MITCHELL: And yet things they would never, ever do in business, they'll do in politics.

OVERBY: So groups like Wellspring are there to help. All of this money being raised and transferred behind a curtain of nondisclosure - this is the crux of what makes social welfare groups controversial.

DONALD TOBIN: It reminds me more of tax shelter transactions.

OVERBY: This is Donald Tobin, a law professor at Ohio State University. He specializes in tax law and campaign finance.

TOBIN: One of the interesting things for Wellspring is on all of their filings, they claim that they're not intervening in a political campaign. But then they give to huge numbers of organizations who do engage in political campaigns.

OVERBY: To which Mitchell responds, these are not political committees.

MITCHELL: What's bad about this?

OVERBY: And the IRS agrees. Most social welfare groups are civic-minded, like the local volunteer fire department or the League of Women Voters. But a social welfare group can commit up to half of its resources on political intervention. And giving money to a second social welfare group can still count as social welfare for the donor group, even if the second group spends the money on politics. Tobin sees that as a loophole, and says it raises questions about the IRS' law enforcement.

TOBIN: We have an agency that doesn't have the resources to enforce, and doesn't have the will to enforce.

OVERBY: The IRS has been hit with budget cuts and with partisan attacks. Just this spring, congressional Republicans - like Wyoming's Cynthia Lummis - accused it of hounding conservatives who applied for social welfare status.

REP. CYNTHIA LUMMIS: This is far worse than anything we've seen in Watergate...

OVERBY: Now the IRS has new management, and it says it's working to clarify the rules. We asked the IRS for comment, and got no response. So we called Marcus Owens. He ran the IRS division on exempt organizations throughout the 1990s. He says the agency might start challenging the claims of social welfare groups or, under pressure, it might turn more passive.

MARCUS OWENS: Something that looks more than just processing the paper, rather than examining what is on the paper.

OVERBY: For now, Washington sees social welfare groups less as a problem than as a terrific way to raise money across the political spectrum. Cleta Mitchell, the campaign finance lawyer, says that's fine. If someone wants to make political donations...

MITCHELL: That is not the government's business. If people want to spend the money, and they want to get together with their friends and spend the money, let them do it.

OVERBY: And, she says, let them do it privately. She says conservative donors risk harassment by liberal activists when their names are disclosed, violating their free-speech rights. So far, conservatives have predominated in social welfare politics. In the 2012 campaigns, 20 groups on the right ran up a million dollars or more in disclosed spending, compared to seven groups on the left. But liberals are working to catch up.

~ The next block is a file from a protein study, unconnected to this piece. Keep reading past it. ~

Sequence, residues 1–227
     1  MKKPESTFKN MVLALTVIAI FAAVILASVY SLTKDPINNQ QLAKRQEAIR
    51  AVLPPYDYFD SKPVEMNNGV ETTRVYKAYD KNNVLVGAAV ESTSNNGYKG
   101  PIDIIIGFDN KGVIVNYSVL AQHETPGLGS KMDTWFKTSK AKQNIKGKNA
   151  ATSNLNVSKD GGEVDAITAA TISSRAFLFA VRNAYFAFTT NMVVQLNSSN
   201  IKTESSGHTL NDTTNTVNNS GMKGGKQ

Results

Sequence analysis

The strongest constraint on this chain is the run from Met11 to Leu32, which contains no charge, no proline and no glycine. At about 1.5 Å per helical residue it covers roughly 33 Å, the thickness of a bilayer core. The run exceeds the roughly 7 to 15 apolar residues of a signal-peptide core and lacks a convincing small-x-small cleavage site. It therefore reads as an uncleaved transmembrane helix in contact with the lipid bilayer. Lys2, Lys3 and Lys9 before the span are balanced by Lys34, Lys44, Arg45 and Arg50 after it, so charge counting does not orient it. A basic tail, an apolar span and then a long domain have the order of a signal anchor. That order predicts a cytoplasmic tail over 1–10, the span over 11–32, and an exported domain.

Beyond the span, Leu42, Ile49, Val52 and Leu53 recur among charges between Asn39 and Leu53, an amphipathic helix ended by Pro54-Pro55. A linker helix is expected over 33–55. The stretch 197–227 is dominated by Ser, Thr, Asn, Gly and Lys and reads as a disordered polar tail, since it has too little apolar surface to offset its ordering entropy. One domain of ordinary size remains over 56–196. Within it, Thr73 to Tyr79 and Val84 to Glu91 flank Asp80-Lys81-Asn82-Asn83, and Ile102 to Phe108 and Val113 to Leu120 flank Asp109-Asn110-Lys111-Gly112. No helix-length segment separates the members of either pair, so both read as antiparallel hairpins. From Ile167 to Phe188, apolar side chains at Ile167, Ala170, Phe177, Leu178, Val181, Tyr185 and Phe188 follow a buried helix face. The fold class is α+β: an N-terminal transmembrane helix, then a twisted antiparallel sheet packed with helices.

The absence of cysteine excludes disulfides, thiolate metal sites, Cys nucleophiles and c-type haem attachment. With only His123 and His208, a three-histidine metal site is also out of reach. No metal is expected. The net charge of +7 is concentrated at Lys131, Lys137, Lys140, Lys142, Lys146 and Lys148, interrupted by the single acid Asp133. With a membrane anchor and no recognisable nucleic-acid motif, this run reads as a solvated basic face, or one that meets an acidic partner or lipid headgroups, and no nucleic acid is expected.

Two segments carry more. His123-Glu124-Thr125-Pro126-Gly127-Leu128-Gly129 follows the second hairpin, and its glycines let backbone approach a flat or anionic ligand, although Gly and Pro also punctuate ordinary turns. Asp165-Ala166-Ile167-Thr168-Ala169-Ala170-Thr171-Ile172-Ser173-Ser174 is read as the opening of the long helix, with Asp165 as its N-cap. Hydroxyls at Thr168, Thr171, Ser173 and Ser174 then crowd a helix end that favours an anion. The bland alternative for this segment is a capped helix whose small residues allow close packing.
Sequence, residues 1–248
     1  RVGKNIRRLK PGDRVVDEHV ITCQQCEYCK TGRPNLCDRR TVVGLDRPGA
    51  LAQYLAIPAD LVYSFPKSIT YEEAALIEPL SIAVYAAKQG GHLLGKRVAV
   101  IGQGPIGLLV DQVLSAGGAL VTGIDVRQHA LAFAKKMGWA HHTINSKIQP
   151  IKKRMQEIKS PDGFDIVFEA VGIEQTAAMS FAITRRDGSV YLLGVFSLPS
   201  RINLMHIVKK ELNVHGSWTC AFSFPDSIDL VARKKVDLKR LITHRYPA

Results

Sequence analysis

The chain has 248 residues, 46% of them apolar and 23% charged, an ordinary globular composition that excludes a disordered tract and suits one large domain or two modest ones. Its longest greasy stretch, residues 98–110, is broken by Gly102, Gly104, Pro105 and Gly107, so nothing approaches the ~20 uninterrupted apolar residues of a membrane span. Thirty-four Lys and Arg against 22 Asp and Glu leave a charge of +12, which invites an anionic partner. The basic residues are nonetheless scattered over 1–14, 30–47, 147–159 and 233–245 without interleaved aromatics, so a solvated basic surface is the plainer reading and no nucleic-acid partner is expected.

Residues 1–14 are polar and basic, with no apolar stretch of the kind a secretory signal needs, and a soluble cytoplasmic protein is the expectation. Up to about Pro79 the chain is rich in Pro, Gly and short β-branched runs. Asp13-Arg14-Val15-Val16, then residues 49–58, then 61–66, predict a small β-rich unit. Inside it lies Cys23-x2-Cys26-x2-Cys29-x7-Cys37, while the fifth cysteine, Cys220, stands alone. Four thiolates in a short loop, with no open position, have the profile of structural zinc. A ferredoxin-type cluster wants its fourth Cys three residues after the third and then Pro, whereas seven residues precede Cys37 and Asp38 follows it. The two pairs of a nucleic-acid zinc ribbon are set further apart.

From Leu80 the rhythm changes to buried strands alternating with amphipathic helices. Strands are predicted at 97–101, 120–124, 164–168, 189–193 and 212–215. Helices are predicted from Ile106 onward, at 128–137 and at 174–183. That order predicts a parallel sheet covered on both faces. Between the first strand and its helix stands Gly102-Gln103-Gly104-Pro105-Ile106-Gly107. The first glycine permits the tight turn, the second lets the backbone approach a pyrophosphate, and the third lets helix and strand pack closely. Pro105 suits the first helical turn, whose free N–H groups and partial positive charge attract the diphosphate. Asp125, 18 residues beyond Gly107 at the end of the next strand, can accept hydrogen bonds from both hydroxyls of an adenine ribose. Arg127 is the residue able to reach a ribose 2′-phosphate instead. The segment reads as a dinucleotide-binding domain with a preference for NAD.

As for Wellspring, Mitchell says it's just a social welfare group that educates Americans about the importance of free-market principals. But Donald Tobin, the law professor, says it's politicking under another name. He says social welfare groups are acting like secretly funded political committees.

TOBIN: Contrary to - certainly - congressional intent but also, in my view, contrary to what's good for a health democracy.

OVERBY: So what we found is a system that seems to aggravate everyone involved in it. Yesterday, we heard from a Michigan Supreme Court justice who lost his election bid, and from the consultant whose social welfare group helped to beat him - people on opposite sides, both of them jaundiced about the system. First, the conservative consultant, Dan Pero.

DAN PERO: I don't like what I see today in politics, but it is what it is. I wish I could go back to when I was growing up. We only had three TV stations. And you can't put the genie back in the bottle on that, either.

OVERBY: And the target of Pero's ad: liberal former justice Alton Davis.

ALTON DAVIS: The old labels don't mean anything. Republican doesn't mean anything. Democrat doesn't mean anything. It's the huge money and everybody else. But that's the deal now, I think, going forward - up and down the road.

OVERBY: Next stop on this road is the 2014 midterm elections. The impact of social welfare groups continues to increase, and so does the volume of political cash coming from donors the public will never know.

Peter Overby, NPR News.